The last piece of the puzzle is Myers and Lanahan’s measure of how much funding is given out for R&D in different technology areas. To get as close to possible to a pure experiment, where money is just randomly given to some technologies and not others, Myers and Lanahan painstakingly construct a set of data on money that comes not directly from the SBIR program, but from state-level matching programs. As Myers and Lanahan argue, the basic idea is that money from these state-level matches (where, say, Iowa agrees to top up the R&D funds won by an Iowa company with additional money from state revenues) is pretty randomly distributed among different kinds of technology. It’s mostly down to luck that, say, winning solar technology companies happen to reside in states with these match programs and, say, wind turbine technology companies do not.
Comparing the patent output of technology classes that are textually “close” to classes that get money to the output of classes that aren’t, they can measure how many patents are generated for every million dollars in funding, both in the technology classes closest to the SBIR program’s intention, and those farther away. The figure below shows how many extra patents come from different patent classes, with classes on the left closer to the SBIR proposal and classes to the right farther away. Adding everything up, they find that for every patent directly induced by R&D funding to a specific firm working on a specific technology, another 3 patents are created by other firms working in other technologies. Spillovers account for the majority of the benefits from the Department of Energy’s SBIR program!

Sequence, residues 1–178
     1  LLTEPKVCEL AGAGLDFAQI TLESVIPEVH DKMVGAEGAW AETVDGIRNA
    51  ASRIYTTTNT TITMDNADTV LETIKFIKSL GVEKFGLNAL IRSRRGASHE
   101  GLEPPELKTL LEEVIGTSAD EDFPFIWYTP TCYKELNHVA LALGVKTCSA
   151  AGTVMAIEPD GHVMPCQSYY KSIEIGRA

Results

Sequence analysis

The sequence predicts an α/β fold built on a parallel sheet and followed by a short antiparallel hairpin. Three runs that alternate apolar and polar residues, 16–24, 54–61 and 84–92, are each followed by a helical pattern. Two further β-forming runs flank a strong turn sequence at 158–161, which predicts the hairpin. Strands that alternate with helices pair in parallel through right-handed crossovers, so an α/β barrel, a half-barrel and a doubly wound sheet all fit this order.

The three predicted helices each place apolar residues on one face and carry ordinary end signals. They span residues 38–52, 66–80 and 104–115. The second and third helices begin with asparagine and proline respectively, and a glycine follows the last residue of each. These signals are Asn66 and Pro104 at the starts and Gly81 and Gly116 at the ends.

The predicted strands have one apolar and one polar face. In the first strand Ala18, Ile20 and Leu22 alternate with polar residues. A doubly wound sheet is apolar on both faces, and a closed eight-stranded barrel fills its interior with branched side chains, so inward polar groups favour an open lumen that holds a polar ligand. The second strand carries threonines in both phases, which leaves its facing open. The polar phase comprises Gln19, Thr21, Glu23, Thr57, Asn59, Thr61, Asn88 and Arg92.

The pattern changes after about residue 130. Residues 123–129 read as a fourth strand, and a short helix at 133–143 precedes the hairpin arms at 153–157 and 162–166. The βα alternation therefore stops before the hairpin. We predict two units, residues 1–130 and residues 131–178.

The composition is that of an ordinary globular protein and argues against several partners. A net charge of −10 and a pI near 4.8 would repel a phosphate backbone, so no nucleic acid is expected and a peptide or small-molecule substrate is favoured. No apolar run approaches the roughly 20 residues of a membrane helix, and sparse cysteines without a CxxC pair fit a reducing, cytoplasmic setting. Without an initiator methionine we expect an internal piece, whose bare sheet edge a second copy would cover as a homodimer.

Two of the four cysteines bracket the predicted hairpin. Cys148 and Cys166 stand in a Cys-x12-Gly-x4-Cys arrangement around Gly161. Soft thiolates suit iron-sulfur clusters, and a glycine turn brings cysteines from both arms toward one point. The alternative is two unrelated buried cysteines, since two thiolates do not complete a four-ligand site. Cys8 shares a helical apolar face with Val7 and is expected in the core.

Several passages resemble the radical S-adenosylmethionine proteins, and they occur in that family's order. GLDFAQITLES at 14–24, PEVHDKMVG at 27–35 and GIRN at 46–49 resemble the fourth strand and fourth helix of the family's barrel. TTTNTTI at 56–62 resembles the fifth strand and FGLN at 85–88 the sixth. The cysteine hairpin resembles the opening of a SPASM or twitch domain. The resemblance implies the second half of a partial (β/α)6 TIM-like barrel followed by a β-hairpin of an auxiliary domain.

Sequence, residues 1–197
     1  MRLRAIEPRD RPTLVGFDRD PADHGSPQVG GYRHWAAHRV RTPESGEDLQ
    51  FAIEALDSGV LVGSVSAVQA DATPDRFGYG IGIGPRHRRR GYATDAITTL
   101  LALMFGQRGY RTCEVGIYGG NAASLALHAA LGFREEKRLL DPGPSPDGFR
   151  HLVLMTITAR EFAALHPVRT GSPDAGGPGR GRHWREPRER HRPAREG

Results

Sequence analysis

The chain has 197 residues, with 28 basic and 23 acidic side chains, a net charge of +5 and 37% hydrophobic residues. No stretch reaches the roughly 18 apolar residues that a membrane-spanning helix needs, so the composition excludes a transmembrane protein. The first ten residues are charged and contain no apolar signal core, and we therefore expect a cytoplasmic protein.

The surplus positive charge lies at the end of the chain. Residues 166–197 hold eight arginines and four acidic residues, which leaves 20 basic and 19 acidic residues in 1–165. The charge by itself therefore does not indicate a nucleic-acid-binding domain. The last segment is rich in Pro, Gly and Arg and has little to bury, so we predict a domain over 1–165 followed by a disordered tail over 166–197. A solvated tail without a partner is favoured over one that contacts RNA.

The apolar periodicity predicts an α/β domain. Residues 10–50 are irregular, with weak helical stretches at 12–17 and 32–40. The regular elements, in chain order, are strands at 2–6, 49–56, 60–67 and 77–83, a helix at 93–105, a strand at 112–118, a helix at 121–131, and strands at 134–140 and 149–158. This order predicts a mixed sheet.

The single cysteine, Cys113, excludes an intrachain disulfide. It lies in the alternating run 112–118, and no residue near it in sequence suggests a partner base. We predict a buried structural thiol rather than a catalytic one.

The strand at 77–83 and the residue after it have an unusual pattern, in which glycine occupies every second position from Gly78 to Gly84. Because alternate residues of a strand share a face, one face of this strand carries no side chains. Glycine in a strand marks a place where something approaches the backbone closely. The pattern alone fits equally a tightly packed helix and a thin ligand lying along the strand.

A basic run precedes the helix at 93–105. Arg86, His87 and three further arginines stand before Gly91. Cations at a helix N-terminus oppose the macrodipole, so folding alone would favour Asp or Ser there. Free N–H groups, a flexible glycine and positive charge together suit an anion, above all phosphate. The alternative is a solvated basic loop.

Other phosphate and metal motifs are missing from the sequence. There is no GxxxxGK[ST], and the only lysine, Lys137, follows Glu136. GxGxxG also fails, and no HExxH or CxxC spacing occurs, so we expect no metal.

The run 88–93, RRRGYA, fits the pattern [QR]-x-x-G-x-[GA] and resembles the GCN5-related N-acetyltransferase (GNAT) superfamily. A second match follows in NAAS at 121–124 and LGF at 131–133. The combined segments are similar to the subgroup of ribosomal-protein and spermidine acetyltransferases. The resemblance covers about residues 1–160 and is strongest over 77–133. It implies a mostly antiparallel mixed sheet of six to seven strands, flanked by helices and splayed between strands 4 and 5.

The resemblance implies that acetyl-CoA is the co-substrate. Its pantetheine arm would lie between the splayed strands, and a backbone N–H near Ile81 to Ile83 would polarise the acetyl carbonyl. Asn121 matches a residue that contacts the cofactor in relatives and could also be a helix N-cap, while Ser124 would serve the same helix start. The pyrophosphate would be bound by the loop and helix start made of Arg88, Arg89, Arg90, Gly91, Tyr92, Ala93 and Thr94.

But in all three of these cases, we looked at spillovers within a specific domain: agriculture, biomedicine, and energy. Can we say anything systematic?
Bloom, Schankerman, and Van Reenen (2013) tries. This paper uses the set of all publicly traded US firms over 1980-2001 in an effort to assess how R&D by one firm affects others. The basic idea is to use a firm’s patents to tell us the kinds of technologies they do research on. Bloom and coauthors show that when firms spend more on R&D, firms holding patents in closely related technology categories1 file for more patents and are more productive and that this is widespread across sectors.
We might be concerned that this a spurious correlation though. For example, imagine there has been some kind of breakthrough in machine learning. That could spur all the firms working in that space to do extra R&D, and to get more than the usual amount of patents and productivity per dollar for their trouble. In this example, a technological breakthrough causes both elevated R&D productivity and industry-wide R&D. But in Bloom and coauthor’s data, they’ll just see that elevated R&D productivity and industry-wide R&D are correlated. They might spuriously conclude the elevated industry-wide R&D causes the elevated R&D productivity via increased spillovers, since their data doesn’t measure breakthroughs in the field.